This is Mangrove Science

Mangrove Science pulls together research from a network of forest ecologists, remote sensing scientists, hydrologists, local officials, and members of the community to understand how the landscape of mangrove forests change over time.

We have partnerships with organizations and institutions all over the world. The research highlighted on Mangrove Science represents a collection of field-campaigns, stakeholder engagements, and remote sensing data products that collectively will help build our understanding of the coastal dynamics between human development, sea-level rise, and carbon-dense ecosystems like mangroves.

Learn About Our Team

The AfriSAR Mangrove team in one of our research boats in Pongara National Park. Left to right: Suzanne Marselis/UMD, Laura Duncanson/GSFC, Lola Fatoyinbo/NASA GSFC, Marc Simard/NASA JPL. Credit: AfriSAR Campaign, Gabon, n.d.

The goal of our research and this website is to address major objectives from our research organizations and collaborators to develop a carbon Monitoring, Reporting and Verification (MRV) systems useful to carbon trading protocols. Our team is a diverse set of scientists who primarily work with  NASA centers like the Goddard Space Flight Center Biospheric Sciences Laboratory .

Remote Sensing Techniques and Sensors

We study coastal wetland ecosystems because of their socio-economic and ecological importance. They are experiencing ever increasing pressures such as changes in weather patterns, population growth, and sea level rise to name a few. However, these biophysical variables can be monitored through the lens of remotely sensed observations (i.e. satellite & airborne imagery), field observations, and analytical modeling. Read up on some of the tools and methods we use to do this.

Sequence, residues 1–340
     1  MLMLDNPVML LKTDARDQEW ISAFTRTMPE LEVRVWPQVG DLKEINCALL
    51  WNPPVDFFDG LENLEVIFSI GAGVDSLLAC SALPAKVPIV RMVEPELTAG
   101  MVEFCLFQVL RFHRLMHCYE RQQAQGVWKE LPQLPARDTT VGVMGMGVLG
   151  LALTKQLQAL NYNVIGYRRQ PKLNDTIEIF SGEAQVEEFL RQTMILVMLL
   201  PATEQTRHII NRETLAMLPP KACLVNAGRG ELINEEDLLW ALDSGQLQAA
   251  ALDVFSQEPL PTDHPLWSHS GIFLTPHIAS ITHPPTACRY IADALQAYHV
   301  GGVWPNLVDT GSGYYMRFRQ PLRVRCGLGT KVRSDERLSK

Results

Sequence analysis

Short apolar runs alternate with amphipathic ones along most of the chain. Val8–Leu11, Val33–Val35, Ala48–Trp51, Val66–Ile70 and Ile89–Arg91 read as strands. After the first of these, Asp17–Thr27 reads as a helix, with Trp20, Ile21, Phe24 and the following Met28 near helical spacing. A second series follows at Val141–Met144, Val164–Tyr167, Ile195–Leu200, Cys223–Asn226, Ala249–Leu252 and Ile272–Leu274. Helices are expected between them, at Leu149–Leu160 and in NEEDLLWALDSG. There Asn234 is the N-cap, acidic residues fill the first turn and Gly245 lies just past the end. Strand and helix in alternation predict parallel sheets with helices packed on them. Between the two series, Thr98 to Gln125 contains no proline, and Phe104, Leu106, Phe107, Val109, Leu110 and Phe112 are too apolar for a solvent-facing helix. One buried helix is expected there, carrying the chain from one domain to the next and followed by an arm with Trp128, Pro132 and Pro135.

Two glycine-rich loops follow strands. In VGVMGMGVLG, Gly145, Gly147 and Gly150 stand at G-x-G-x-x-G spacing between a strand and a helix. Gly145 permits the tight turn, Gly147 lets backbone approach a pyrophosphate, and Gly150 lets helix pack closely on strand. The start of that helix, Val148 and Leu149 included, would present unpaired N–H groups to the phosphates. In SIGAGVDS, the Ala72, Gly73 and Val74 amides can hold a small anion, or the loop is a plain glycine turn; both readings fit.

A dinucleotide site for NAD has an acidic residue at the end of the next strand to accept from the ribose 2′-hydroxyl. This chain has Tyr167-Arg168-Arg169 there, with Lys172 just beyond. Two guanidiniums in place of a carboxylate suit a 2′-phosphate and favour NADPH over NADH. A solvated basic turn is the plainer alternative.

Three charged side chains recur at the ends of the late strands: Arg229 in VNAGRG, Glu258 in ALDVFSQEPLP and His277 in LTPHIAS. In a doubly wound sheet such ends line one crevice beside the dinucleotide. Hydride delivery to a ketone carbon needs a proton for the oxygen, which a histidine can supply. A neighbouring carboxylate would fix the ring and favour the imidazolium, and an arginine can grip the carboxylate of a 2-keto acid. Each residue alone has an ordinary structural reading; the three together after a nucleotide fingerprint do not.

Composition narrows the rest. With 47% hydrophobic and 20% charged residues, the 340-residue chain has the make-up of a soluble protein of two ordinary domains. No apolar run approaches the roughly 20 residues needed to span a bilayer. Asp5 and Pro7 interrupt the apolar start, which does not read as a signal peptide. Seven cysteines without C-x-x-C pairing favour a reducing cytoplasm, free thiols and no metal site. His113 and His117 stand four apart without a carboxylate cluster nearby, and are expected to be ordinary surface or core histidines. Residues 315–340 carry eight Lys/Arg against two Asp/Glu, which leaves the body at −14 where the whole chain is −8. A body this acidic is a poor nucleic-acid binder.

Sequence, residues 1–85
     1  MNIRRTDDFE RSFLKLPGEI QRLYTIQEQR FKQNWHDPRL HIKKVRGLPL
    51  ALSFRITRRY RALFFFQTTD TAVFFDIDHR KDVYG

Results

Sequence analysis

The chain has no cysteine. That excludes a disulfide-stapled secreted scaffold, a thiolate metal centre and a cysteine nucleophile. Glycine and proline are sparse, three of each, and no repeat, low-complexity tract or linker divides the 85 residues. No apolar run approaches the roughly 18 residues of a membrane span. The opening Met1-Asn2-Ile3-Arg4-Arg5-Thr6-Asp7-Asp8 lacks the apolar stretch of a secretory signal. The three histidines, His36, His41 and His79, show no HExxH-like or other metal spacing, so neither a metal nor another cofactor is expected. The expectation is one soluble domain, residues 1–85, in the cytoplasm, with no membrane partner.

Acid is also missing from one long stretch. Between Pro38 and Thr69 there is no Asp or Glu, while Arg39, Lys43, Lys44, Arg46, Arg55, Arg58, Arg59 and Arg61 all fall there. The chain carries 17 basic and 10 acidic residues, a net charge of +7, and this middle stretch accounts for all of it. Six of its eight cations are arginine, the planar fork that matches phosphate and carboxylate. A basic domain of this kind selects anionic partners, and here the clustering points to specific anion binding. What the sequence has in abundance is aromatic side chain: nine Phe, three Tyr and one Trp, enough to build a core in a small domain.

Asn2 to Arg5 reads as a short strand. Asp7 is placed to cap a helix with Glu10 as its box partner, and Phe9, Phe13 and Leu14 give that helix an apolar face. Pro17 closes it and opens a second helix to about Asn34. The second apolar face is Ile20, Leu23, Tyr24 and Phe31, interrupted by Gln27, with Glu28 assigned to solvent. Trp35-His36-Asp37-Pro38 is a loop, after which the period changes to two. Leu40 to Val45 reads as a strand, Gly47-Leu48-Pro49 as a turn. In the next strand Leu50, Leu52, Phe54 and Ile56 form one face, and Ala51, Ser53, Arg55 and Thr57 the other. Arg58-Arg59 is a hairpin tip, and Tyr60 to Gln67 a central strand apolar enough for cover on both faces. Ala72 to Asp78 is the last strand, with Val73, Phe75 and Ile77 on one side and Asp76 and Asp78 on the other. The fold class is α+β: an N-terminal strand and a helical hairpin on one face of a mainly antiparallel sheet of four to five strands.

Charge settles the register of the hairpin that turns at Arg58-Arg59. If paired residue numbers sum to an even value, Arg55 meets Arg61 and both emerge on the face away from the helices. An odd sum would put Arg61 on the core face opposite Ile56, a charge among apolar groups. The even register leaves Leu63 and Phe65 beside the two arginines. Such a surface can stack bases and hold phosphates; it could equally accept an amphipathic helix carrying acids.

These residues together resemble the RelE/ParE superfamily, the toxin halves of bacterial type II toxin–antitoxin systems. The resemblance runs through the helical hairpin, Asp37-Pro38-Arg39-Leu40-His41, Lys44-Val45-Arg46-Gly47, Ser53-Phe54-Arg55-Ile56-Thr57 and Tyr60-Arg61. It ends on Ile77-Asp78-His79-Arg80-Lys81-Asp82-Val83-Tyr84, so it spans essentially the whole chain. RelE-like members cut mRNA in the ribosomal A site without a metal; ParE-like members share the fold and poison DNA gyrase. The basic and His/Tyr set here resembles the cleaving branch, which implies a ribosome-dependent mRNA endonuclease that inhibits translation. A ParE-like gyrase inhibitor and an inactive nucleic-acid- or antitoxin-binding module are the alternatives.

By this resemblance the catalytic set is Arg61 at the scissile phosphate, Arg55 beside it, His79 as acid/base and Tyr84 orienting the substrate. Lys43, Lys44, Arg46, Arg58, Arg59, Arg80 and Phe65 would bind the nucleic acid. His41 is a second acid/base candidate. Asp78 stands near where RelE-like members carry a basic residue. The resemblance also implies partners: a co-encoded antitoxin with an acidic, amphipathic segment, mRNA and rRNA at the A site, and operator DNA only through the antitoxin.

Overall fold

Interferometric Synthetic Aperture Radar (InSAR)
  •    TanDEM-X  – Global DEM from dual formation radar satellites
Visible and Infrared Spectroscopy
Light Detection and Ranging (LiDAR)

Our Projects

EcoMap – Electronic Coastal Monitoring and Assessment Program
REMaP seeks to establish an interactive, user-friendly portal that can be used by stakeholders and coastal communities to map the world’s most vulnerable regions of mangroves, identify the proximity and urgency of various loss drivers, and provide real-time alerts about local mangrove health.
African Blue Carbon – Carbon Monitoring Systems
We are working to improve mangrove forest inventories by integrating remote sensing and intensive field surveys. Through this project we have mapped the extent and change in mangrove forests, as well as their canopy height and biomass concentration for all of Gabon, Mozambique, and Tanzania
Bangladesh – SilvaCarbon
We are working with the Bangladesh Forest Department and local institutions to improve the capabilities to monitor forest change using Earth Observations. Through this project we are developing species, canopy, and biomass maps through the engagement of Bangladeshi Research Fellows
Mangroves in the Americas
Through several different projects we are improving ways to monitor and measure wetland health for South Florida and Everglades National Park.  In particular, we are examining the long-term vegetation trends, the impacts of catastrophic storms, like Hurricane Irma, and how the ecosystem recovers over time using multiple datasets, including Goddard’s Lidar, Hyperspectral, and Thermal airborne imager